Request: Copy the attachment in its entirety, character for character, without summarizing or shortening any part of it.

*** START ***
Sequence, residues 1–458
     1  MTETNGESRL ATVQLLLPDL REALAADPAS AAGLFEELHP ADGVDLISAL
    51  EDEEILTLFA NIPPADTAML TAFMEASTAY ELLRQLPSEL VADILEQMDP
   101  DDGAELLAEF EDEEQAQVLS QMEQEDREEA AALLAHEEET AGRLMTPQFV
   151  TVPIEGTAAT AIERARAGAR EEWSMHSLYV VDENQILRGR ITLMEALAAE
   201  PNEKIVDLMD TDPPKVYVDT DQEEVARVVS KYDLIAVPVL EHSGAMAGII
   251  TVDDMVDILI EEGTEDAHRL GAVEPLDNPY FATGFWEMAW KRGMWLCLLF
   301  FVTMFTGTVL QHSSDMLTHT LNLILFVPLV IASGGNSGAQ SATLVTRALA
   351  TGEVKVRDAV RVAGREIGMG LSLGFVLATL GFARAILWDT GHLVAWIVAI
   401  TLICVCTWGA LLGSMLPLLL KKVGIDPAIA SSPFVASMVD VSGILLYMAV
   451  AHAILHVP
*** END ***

Sequence, residues 1–458
     1  MTETNGESRL ATVQLLLPDL REALAADPAS AAGLFEELHP ADGVDLISAL
    51  EDEEILTLFA NIPPADTAML TAFMEASTAY ELLRQLPSEL VADILEQMDP
   101  DDGAELLAEF EDEEQAQVLS QMEQEDREEA AALLAHEEET AGRLMTPQFV
   151  TVPIEGTAAT AIERARAGAR EEWSMHSLYV VDENQILRGR ITLMEALAAE
   201  PNEKIVDLMD TDPPKVYVDT DQEEVARVVS KYDLIAVPVL EHSGAMAGII
   251  TVDDMVDILI EEGTEDAHRL GAVEPLDNPY FATGFWEMAW KRGMWLCLLF
   301  FVTMFTGTVL QHSSDMLTHT LNLILFVPLV IASGGNSGAQ SATLVTRALA
   351  TGEVKVRDAV RVAGREIGMG LSLGFVLATL GFARAILWDT GHLVAWIVAI
   401  TLICVCTWGA LLGSMLPLLL KKVGIDPAIA SSPFVASMVD VSGILLYMAV
   451  AHAILHVP